Ludzkie koronawirusy - autor: Krzysztof Pyrć z Zakładu Mikrobiologii, Wydział Biochemii, Biofizyki i Biotechnologii, Uniwersytet Jagielloński, Kraków

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© Borgis - Postępy Nauk Medycznych 6/2012, s. 534-539
*Andrzej Sionek1, Jarosław Czubak1, Maria Katarzyna Borszewska-Kornacka2, Bartłomiej Grabowski1
Ocena morfometryczna rozwoju stawów biodrowych u dzieci z ciąż wielopłodowych według metody Grafa. Czy ciąża wielopłodowa jest czynnikiem ryzyka rozwojowej dysplazji stawów biodrowych?
Hip joint development in multiple pregnancy infants – Graf method morphometric assessment. Is a multiple pregnancy a risk factor of developmental hip dysplasia?**
1Department of Orthopaedics, Pediatric Orthopaedics and Traumatology, Postgraduate Medical Education Centre, prof. A. Gruca’s Teaching Hospital, Warsaw – Otwock
Head of Department: Jarosław Czubak, MD, PhD, Associate Professor
2Department of Neonatology and Intensive Newborn Care, Medical University of Warsaw, Princess Anna Mazowiecka Teaching Hospital
Head of Department: Prof. Maria Katarzyna Borszewska-Kornacka, MD, PhD
Streszczenie
Wstęp. Etiologia rozwojowej dysplazji stawów biodrowych (R.D.S.B) jest złożona. Nie ma jednoznacznych poglądów dotyczących wpływu ciąży wielopłodowej (c.w.) na powstawanie R.D.S.B. Celem pracy jest ustalenie czy c.w. jest czynnikiem ryzyka R.D.S.B., oraz określenie wpływu c.w. i czasu jej trwania na rozwój stawów biodrowych.
Materiał i metody. Badaniem pierwszorazowym objęto 200 dzieci z c.w. (400 stawów biodrowych), oraz grupę kontrolną 63 dzieci (126 stawów biodrowych), urodzonych z ciąż pojedyńczych. Badanie ultrasonograficzne wykonywane było metodą Grafa. Dzieci badane były trzykrotnie w analogicznych odstępach czasu: pierwsze badanie kontrolne w pierwszych dobach życia, drugie badanie kontrolne w 12 tygodniu życia, trzecie badanie w 6 miesiącu.
Wyniki. W pierwszym badaniu dzieci z c.w. 28 bioder (7%) zakwalifikowano do grupy IIa. W grupie kontrolnej typ IIa odnotowano w 19 biodrach (15,1%). W terminie pierwszego i drugiego badania w obu grupach nie stwierdzono stawów biodrowych dysplastycznych, a typ IIa występował częściej u dzieci z grupy kontrolnej. W kolejnych badaniach dzieci z obu grup stwierdzono zwiększający się odsetek bioder typu Ia. W grupie dzieci z c.w. średnia wartości kąta α wzrastała w kolejnych badaniach, a w badaniu II i III oceniany parametr przyjmował niższe wartości w grupie kontrolnej.
Średnia wartości kąta β w obu badanych grupach zmniejszała się w kolejnych badaniach.
Wnioski. C.w. nie jest czynnikiem zwiększającym częstość występowania stawów biodrowych typu IIa.
Począwszy od około 12 tygodnia życia niemowlęcia, cześć kostna dachów panewek stawów biodrowych dzieci z c.w. była lepiej rozwinięta w porównaniu ze stawami dzieci urodzonych z ciąż pojedynczych.
Summary
The aetiology of the developmental dysplasia of the hip (DDH) is multifactorial. There are no unambiguous views regarding the effect of multiple pregnancy (MP) on DDH development.
The aim of the study is to determine whether MP is a DDH risk factor and to determine the influence of MP on hip joint (HJ) development.
The first examination included 200 MP infants (400 HJ) and a control group of 63 single pregnancy (SP) infants (126 HJ). Graf method hip joint ultrasonography was performed three times at similar intervals. The first examination was performed in the first postnatal days, the second at 12 weeks and the third at 6 months.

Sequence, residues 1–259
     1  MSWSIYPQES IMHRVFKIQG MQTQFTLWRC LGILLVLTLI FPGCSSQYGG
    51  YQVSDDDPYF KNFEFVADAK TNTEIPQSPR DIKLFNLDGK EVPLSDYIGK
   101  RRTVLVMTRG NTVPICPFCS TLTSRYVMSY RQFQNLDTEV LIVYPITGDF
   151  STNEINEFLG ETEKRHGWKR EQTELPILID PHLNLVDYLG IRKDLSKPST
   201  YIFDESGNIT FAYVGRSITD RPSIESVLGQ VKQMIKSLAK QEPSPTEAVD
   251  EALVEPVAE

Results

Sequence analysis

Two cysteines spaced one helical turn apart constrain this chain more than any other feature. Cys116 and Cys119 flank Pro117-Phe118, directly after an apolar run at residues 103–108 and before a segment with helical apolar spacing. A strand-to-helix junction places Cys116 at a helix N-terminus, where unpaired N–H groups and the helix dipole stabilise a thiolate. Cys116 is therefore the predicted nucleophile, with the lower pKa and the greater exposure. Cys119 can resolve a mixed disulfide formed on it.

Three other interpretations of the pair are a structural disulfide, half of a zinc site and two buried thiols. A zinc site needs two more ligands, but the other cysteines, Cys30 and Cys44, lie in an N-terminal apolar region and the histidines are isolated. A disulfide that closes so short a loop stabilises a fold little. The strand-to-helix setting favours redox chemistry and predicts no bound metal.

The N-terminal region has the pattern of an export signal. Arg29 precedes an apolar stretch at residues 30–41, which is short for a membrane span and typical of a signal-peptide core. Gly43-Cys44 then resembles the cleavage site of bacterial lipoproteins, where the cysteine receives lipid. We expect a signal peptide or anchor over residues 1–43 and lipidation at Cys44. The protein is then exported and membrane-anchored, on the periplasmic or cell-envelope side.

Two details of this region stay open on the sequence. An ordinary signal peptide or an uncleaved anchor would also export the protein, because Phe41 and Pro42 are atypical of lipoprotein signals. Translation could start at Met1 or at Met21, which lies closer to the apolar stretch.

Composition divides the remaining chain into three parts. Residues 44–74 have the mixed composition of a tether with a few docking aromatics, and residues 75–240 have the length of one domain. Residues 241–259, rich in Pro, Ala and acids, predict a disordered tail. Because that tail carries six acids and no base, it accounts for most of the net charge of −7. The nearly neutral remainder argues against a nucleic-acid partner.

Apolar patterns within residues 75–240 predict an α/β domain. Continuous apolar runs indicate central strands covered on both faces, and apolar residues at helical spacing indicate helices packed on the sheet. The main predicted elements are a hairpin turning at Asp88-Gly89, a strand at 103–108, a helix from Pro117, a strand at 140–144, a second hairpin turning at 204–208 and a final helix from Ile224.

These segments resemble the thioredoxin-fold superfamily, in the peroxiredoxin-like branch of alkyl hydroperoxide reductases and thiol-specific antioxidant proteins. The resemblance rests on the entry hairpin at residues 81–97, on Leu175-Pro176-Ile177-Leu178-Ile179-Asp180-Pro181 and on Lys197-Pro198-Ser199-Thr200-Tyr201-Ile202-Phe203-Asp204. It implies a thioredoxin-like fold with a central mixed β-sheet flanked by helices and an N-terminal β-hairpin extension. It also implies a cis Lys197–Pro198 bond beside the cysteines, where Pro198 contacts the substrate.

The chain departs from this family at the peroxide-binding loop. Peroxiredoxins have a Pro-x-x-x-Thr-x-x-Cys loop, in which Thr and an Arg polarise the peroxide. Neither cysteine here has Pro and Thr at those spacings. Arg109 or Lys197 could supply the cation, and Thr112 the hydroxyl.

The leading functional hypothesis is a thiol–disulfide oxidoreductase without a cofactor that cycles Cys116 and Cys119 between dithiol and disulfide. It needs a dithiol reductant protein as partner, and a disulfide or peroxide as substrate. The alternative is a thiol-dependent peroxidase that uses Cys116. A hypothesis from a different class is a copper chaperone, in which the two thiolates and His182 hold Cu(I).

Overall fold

During the first examination of MP infants 28 HJ (7%) were allocated to group IIa. In the control group there were 19 Type IIa HJ (15.1%). During the first and second examination no dysplastic HJ were reported in both groups with Type IIa occurring more commonly in the controls. In the subsequent examinations there was an increasing percentage of Type Ia HJ in both groups. In the MP infants the mean value of the α angle increased in subsequent examinations and in the control group the values were lower in examination II and III. The mean value of β angle decreased in subsequent examinations in both groups.
MP does not predispose to increased incidence of Type IIa HJ. Starting from approx. the 12th postnatal week the osseous part of HJ acetabular roofs was developed better in MP than in SP infants.
INTRODUCTION
Gemellology is an interdisciplinary domain dealing with the development of twins. Multiple pregnancy is simultaneous development of two or more foetuses in the uterus. The incidence of spontaneous multiple pregnancy is approx. 1.05-1.35% (1). An increasing number of multiple pregnancies have been observed within the last twenty years in developed countries. At the same time, there has been a decrease in the general number of births. The factors contributing to this phenomenon, including assisted reproductive technology (ART), hormonal stimulation and hormonal contraceptives, have not been fully elucidated.
The developmental dysplasia of the hip (DDH) refers to the abnormal formation of this joint, possibly leading to the dislocation of the hip, occurring during intrauterine development, in the perinatal period or within the first postnatal weeks.
The aetiology of the disorder has a complex nature, with the factors contributing to the deformity of the hip joint development subdivided into hormonal, genetic and mechanical (2).
No unambiguous views regarding the effect of multiple pregnancy on DDH development have been presented so far. Some authors indicated twin pregnancy as a factor predisposing to DDH development (3-7). Apparently, the number of DDH risk factors, with intrauterine crowding being the leading one, should increase the risk of DDH development in multiple pregnancy.
Recent decades have faced an increase in the number of multiple pregnancies, but their effect on DDH development has remained unknown and the number of studies (predominantly retrospective ones) has been negligible. Therefore, the present authors have decided to conduct a prospective study concerning this issue. The study aims to refute or confirm the hypothesis that multiple pregnancy is a DDH risk factor and to determine the effect of multiple pregnancy on hip joint development.
MATERIAL AND METHODS